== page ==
Buttoning Up Your Sales
There was a time when I was a door-to-door salesman selling…doors.
Just kidding, but seriously I’ve sold a lot of things. In fact one of the most memorable moments of my sales career is of a former sales manager.
He had a favorite piece of advice that he’d throw out there when we had customers cancel their contracts a day or so after purchasing, “you guys need to do a better job of buttoning up your sales”. On the surface of it this might sound like a strange thing to say. But what he was referring to was the fact that although its often relatively easy to get someone to agree to a purchase (or to get someone to your website), if you don’t close the sale in the right manner your sale could disintegrate right before your eyes.
You folks that have been in sales may know what I’m talking about. It’s that thing called buyer’s remorse that turns a substantial amount of new purchases into returns, charge backs, and cancellations.
Introducing Clicker’s Remorse
I think there is a similar phenomenon that takes place with online purchases. Online though I wouldn’t even call it buyer’s remorse; it’s something that I instead like to refer to as “clicker’s remorse”.
Due to the nature of online conversions. where the customer may need to initiate multiple “clicks” before the final conversion clicker’s remorse is much more encompassing than its cousin (offline buyer’s remorse) because there are multiple opportunities for it to crop up on your consumers-in the shopping cart, on the initial landing page (bounces), after the sale, and etc.
Example 1: Organic SEO
Here’s how it works. Let’s say that you are a new web developer and you develop premium WordPress plug-ins. Armed with your keyword research you’ve managed to get your site to come up in a couple of important long tail results.
So now you’ve got a visitor who’s just landed on your web site after going through three searches. Finally, after scanning the search results page their eyes have been led near the bottom of the page to your listing. So they click the result and end up on your landing page.
They’ve read the testimonials., they’ve clicked through your website pages, and now they’re on the order page staring at the call to action. And this visitor really wants to buy, after all by now they’ve already got a solid thirteen minutes of their time invested in this endeavor.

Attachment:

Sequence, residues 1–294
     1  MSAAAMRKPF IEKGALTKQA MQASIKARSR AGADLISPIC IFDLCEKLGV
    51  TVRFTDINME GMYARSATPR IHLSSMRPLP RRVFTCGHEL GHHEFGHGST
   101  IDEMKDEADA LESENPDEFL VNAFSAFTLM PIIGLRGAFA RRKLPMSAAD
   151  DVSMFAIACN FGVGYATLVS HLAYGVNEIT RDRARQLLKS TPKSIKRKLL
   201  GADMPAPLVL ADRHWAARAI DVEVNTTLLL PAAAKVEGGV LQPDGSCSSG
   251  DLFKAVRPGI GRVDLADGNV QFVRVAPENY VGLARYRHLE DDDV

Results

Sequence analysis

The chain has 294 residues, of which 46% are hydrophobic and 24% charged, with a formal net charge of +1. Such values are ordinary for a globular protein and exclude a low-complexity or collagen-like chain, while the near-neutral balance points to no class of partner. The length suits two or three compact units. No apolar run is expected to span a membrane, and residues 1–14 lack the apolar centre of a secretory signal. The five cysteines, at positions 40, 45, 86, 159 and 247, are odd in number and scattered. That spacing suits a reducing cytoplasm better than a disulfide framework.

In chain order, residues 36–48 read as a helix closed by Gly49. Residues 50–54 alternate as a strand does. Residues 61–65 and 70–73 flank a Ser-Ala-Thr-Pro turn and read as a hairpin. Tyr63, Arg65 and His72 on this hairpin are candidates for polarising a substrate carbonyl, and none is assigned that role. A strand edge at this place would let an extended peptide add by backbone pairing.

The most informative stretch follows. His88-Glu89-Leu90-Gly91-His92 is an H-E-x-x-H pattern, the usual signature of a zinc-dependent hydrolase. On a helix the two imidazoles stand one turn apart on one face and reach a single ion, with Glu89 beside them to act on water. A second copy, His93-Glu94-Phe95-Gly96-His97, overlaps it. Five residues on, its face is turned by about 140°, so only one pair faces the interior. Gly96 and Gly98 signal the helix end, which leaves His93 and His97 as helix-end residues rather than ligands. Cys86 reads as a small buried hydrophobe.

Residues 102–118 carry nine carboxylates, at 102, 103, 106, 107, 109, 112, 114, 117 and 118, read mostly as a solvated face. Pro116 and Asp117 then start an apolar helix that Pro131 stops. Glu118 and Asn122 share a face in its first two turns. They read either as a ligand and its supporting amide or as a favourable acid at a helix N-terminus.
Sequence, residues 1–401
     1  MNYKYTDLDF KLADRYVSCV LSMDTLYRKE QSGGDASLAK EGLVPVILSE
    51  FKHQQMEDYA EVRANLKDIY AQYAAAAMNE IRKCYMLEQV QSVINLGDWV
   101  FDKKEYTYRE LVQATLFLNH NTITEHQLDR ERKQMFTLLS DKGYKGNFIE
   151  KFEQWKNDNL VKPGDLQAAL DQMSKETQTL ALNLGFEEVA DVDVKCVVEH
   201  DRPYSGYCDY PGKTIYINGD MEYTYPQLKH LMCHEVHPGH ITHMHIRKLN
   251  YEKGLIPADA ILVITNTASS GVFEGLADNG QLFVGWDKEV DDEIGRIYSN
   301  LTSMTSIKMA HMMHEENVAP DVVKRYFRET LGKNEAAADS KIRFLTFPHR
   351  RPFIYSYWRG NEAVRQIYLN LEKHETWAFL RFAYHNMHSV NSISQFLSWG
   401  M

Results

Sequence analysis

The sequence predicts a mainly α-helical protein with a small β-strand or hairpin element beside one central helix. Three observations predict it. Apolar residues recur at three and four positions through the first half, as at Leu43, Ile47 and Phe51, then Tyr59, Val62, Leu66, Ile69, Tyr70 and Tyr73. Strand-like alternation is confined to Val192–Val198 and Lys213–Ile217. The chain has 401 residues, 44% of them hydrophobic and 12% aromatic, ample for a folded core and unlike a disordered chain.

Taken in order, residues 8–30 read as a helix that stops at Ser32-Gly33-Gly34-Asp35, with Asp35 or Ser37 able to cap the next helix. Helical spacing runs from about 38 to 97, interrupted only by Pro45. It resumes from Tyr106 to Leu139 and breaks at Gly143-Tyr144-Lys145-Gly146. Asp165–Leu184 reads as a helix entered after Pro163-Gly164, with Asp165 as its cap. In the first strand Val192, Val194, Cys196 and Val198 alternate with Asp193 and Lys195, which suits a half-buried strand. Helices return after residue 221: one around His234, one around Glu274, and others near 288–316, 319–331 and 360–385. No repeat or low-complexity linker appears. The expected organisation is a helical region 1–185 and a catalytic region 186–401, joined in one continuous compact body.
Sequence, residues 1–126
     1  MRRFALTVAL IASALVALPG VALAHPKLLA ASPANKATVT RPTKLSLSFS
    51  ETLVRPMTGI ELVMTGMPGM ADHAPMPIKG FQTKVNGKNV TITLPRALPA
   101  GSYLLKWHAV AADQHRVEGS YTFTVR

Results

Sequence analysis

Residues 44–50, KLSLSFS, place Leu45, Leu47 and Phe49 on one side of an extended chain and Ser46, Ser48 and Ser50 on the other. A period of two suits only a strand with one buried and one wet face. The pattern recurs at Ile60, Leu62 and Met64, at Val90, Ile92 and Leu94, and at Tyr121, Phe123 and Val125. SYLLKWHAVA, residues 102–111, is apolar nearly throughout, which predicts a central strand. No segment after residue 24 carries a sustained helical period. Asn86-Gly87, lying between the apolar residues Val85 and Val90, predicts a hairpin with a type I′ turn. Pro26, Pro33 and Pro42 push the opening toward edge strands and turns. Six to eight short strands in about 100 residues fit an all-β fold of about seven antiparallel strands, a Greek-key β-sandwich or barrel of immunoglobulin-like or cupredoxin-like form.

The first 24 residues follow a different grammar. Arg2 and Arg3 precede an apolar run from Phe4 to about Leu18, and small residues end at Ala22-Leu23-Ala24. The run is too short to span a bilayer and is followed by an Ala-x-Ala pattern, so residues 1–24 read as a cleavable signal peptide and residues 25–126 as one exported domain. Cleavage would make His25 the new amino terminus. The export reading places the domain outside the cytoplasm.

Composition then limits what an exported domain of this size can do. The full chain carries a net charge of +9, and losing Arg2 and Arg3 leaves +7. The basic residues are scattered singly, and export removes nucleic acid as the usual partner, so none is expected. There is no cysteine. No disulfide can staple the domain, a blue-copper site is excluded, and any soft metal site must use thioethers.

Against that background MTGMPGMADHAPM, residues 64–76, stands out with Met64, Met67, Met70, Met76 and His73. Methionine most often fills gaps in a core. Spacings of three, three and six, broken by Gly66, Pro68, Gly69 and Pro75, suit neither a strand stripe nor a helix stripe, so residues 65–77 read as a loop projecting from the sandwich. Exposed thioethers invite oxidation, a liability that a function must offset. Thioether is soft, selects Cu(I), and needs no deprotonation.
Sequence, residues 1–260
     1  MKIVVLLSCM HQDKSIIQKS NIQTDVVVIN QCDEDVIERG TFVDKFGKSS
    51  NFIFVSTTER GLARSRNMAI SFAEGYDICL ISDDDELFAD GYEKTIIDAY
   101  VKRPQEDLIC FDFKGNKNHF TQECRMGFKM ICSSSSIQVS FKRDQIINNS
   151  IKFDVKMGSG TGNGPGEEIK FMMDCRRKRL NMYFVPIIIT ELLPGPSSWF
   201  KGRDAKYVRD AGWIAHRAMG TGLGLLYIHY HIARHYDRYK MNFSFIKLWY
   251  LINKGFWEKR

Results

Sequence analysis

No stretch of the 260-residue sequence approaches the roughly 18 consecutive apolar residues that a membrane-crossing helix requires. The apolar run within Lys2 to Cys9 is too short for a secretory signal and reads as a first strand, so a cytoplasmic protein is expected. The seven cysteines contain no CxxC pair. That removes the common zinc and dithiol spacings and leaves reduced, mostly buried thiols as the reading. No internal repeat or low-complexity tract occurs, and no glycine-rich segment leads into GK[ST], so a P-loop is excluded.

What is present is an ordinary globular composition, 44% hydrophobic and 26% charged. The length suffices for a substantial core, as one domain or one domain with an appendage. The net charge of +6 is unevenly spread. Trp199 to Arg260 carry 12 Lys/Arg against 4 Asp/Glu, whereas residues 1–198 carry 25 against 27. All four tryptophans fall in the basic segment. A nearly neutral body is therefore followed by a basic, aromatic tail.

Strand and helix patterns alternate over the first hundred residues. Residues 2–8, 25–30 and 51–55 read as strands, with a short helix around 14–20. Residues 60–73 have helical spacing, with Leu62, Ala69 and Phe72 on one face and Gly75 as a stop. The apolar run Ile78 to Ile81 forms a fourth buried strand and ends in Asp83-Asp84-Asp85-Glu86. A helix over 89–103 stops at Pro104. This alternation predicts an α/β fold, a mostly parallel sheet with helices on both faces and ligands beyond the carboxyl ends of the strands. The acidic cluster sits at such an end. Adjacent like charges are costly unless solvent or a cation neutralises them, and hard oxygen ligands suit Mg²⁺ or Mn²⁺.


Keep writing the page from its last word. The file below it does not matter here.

But guess what? Instead of buying they abandon the order page and made a beeline straight for the Google. Perhaps they did this because although they were comforted by the fact that you came up high in the search results they’d never heard of you before.
Example 2: Paid SEO (PPC)
Let’s look at a second scenario this time. Suppose that instead of using organic SEO to drive traffic to your site you invest solely in PPC.. But unlike the first example, because you understand the cost of driving clicks to your site you’ve put more effort into creating a sticky landing page.
So you’re getting enough orders to justify the ad spend. But you’re noticing that PPC is the exclusive generator of your traffic-clocking a whopping 80% or 85% of your total monthly unique visits.
This means that the moment you
1) have a sub par month with conversions or
2) have an issue occur that forces you to pause your campaign you’re in trouble. It should also be noted that in this example the clicker’s remorse occurs on the backend-the customer purchases once but never comes back.
Example 3: Social Media Optimization (SMO)
In the third scenario you are an SMO pro who also does WordPress plug-ins. You’ve figured out how to optimize your website for maximum share-ability but you’ve also created profiles on all of the right social media platforms. As a result of this hard work your website has been rewarded with swarms of traffic. But since this traffic comes from referrals and direct URL entry a much larger percentage of these visitors are window-shopping.
They want to see if the appearance of web site measures up to what they’ve heard. This would explain why your bounce rate. is so high and why so few of your visitors ever make it to your call of action page. Its because these consumers are essentially at the earliest stage of their buying cycle, which means that they may not even know that they have a need at this point.
Solution: Integrating SEO, PPC, and SMO
Let’s say that you’re the same plug-in developer. But instead of relying solely on one tactic you use organic SEO, PPC, and SMO-all together. Doing this does the following things for you:
- Reinforces Your Organic SEO. Organic SEO is powerful, but it often takes time to reap rewards. The utilization of tags, blogs, and social bookmarking help to get your web site noticed quicker by the search engine crawlers.
- Generates Awareness. The buzz that you generate through your SMO efforts drives traffic and conversations around your offerings.
- PPC Conversions Yield More Revenue. Since you have made it easy for your visitors to share your content, now your PPC inspired customers refer you to their friends. Since a number of these customers also liked you on Facebook, you’re able to stay in touch with them and let them know whenever you have new and relevant offers resulting in an average of one to two repeat purchases for each new customer that you bring on board.
- Gives You a Functional Funnel. When users who were initially exposed to your brand by way of your online buzz find that your PPC ads and natural results appear in their subsequent searches for premium plug-ins they now feel comfortable with you and click all the way through to completion of the sale.
Combining your e-marketing tactics should result in a balanced distribution of website traffic, which will in turn result in you overcoming clicker’s remorse.
Image Credit: Nonovyas